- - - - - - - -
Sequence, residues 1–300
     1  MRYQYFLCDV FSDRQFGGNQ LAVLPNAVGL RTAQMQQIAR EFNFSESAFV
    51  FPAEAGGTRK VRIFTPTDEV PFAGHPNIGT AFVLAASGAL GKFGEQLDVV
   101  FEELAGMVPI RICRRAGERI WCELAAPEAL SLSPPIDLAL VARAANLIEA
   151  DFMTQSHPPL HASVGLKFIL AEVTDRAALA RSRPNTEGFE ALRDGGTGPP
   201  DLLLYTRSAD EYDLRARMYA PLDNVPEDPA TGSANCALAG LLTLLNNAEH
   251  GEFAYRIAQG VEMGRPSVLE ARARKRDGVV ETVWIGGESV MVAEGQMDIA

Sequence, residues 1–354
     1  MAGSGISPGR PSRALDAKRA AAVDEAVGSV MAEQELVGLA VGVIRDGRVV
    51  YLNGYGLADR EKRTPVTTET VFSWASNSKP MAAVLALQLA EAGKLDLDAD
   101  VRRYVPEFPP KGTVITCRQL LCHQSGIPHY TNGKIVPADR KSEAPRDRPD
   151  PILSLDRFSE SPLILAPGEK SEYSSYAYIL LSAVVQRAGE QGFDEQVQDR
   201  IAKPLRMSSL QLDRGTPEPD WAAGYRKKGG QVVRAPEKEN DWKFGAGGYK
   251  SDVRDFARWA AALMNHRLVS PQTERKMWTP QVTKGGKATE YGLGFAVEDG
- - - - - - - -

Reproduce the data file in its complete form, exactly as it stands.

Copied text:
Sequence, residues 1–300
     1  MRYQYFLCDV FSDRQFGGNQ LAVLPNAVGL RTAQMQQIAR EFNFSESAFV
    51  FPAEAGGTRK VRIFTPTDEV PFAGHPNIGT AFVLAASGAL GKFGEQLDVV
   101  FEELAGMVPI RICRRAGERI WCELAAPEAL SLSPPIDLAL VARAANLIEA
   151  DFMTQSHPPL HASVGLKFIL AEVTDRAALA RSRPNTEGFE ALRDGGTGPP
   201  DLLLYTRSAD EYDLRARMYA PLDNVPEDPA TGSANCALAG LLTLLNNAEH
   251  GEFAYRIAQG VEMGRPSVLE ARARKRDGVV ETVWIGGESV MVAEGQMDIA

Sequence, residues 1–354
     1  MAGSGISPGR PSRALDAKRA AAVDEAVGSV MAEQELVGLA VGVIRDGRVV
    51  YLNGYGLADR EKRTPVTTET VFSWASNSKP MAAVLALQLA EAGKLDLDAD
   101  VRRYVPEFPP KGTVITCRQL LCHQSGIPHY TNGKIVPADR KSEAPRDRPD
   151  PILSLDRFSE SPLILAPGEK SEYSSYAYIL LSAVVQRAGE QGFDEQVQDR
   201  IAKPLRMSSL QLDRGTPEPD WAAGYRKKGG QVVRAPEKEN DWKFGAGGYK
   251  SDVRDFARWA AALMNHRLVS PQTERKMWTP QVTKGGKATE YGLGFAVEDG